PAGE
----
Baby Willow is 7 inches in lenth! (Think bananas.) And 11 ounces! To celebrate, I spent this week singing her the Banana Song from Despicable Me 2. *Ba na na, ba na na na* in the tune of the Beach Boy's classic ''Barbara Ann''. Although I should have spent the week eating tons of bananas because I learned that my amniotic fluid differs from day to day depending on what I've eaten. For me this means that she will most likely come out of the womb crying for coffee, not milk. She's also probably going to have the taste buds of a Mexican because spicy food is all I've been craving. She's also probably going to be a huge fan of Ethan's chili because let's be honest, it's the best. And my taste buds appreciated it at least 4 times this week because I made him buy double the ingredients and we had leftovers for days. Now that I know she is practicing swallowing and digesting my amniotic fluid, I should probably eat a little healthier. I don't think it's a good idea to have a baby that's cracked out on coffee. Oops! Her arms and legs are finally in proportion, so maybe at my next ultrasound she will look less like a teddy graham and more like a little human. Her neurons are now connected between the brain and muscles, and cartilage throughout her body is turning to bone. That explains why it feels like I'm being kicked by an extreme cyclist.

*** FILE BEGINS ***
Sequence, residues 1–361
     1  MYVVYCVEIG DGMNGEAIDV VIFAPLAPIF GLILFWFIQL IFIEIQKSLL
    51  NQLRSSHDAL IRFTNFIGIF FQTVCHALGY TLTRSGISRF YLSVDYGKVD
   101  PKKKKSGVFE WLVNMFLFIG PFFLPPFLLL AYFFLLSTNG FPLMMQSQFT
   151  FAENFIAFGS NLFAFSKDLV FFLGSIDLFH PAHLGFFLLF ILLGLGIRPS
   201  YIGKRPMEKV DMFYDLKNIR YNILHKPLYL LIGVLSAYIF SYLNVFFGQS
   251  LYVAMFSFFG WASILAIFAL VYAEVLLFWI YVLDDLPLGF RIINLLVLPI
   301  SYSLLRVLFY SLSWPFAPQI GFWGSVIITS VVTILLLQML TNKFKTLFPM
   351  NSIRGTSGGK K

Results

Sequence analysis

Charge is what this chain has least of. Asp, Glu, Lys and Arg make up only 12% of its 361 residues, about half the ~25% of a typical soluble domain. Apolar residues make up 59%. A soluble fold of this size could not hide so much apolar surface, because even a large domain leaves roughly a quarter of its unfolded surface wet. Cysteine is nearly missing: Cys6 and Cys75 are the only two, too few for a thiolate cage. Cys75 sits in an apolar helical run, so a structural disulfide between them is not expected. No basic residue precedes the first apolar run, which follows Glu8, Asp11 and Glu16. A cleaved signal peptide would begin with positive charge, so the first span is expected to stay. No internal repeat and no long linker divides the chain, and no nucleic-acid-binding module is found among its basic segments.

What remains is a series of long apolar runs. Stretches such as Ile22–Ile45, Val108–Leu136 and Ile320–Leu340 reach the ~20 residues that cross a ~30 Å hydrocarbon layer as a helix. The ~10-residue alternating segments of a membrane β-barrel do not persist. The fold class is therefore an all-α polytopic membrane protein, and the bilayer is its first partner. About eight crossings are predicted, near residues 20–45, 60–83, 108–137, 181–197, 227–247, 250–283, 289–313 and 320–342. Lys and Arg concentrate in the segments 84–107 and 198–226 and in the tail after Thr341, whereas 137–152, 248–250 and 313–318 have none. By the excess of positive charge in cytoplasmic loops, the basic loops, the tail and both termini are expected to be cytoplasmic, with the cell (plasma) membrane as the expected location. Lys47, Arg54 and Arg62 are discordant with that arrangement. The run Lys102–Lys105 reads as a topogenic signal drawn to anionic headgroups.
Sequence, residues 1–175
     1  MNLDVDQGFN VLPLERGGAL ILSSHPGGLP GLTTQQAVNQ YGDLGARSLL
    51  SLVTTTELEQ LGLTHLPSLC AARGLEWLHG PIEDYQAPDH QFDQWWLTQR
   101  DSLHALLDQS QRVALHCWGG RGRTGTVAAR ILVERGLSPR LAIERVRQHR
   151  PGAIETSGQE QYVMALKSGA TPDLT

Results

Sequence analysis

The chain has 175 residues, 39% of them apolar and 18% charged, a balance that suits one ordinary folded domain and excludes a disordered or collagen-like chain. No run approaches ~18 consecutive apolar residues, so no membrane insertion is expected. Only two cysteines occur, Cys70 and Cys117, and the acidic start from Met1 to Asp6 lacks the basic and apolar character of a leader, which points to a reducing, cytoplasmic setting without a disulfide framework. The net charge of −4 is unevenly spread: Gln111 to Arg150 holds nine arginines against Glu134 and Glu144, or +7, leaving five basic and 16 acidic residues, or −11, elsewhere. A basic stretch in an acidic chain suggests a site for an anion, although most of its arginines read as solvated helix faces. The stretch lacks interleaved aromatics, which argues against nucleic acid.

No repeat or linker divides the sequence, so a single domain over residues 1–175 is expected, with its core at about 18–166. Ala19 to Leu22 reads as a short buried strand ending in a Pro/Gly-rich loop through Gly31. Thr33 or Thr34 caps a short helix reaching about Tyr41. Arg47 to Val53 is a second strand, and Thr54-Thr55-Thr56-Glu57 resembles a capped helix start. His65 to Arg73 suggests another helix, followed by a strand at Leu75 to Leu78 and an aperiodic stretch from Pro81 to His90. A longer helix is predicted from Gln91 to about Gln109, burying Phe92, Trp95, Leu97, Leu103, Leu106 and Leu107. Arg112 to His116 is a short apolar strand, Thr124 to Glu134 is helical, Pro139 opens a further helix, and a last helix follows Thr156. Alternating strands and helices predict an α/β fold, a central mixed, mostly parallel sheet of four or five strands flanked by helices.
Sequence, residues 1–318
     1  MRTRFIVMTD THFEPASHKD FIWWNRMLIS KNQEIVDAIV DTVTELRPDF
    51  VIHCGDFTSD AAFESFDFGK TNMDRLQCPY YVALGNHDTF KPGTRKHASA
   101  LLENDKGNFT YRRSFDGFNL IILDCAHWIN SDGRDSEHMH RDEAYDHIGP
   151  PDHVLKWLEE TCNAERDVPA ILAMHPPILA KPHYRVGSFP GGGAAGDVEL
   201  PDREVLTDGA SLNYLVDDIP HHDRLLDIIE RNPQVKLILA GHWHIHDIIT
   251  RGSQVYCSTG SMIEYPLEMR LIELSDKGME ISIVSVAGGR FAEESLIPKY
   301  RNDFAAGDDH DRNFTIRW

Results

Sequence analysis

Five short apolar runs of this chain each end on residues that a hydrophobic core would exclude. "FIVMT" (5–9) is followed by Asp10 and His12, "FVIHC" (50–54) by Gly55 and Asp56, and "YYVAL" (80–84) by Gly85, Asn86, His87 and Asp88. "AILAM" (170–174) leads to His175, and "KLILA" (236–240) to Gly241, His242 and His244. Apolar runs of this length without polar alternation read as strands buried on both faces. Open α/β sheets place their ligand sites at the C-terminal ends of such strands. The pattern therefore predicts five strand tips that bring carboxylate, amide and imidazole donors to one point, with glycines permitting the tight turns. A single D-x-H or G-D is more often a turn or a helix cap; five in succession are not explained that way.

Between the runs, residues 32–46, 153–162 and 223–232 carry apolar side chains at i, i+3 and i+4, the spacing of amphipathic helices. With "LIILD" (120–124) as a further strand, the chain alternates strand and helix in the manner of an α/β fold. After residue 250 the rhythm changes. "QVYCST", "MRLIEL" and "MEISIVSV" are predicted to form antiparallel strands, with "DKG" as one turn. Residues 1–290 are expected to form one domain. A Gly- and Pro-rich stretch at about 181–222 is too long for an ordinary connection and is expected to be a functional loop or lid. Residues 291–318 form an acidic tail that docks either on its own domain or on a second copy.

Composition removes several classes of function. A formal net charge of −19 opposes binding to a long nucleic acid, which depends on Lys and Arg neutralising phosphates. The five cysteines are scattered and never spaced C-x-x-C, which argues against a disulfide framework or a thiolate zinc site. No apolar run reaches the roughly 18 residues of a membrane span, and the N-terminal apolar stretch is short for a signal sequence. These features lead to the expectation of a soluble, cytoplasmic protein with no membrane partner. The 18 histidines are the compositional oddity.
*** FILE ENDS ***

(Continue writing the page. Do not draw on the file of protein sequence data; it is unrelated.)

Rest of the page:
Week 22:
WE'RE NO LONGER TALKING OUNCES. She is a whopping weight of 1 pound and a length of nearly 8 inches. That means if she were a burger, she'd be THIS burger.
(Waiting for Fudruckers to contact me and thank me for featuring one of their burgers on my blog. I'll take payment in the form of sweat pants, please.)

Anyways, she has senses that are developing like crazy! So that means she can tough, see, hear, and taste. There's nothing for her to grab on to except for my umbilical cord, so that will have to do until she's clutching my fingers and pulling on my hair. (Woo, can't wait!) It's dark in the uterine cocoon and even though her eyelids are fused right now, she can perceive light and dark. If I shine a flashlight over my belly, she may react. I haven't tested this theory out yet but I'm going to at the end of the week. She can hear EVERYTHING, now. That includes mine and daddy's voice, my heartbeat, the whoosh-whoosh of my blood circulating through my body, gastric gurgles produced by my stomach and intestines, the dogs barking when we visit Ethan's parents, sirens, loud TV's, EVERYTHING! And as we mentioned in week 21, she can taste everything I'm tasting. (So no more salads for me!)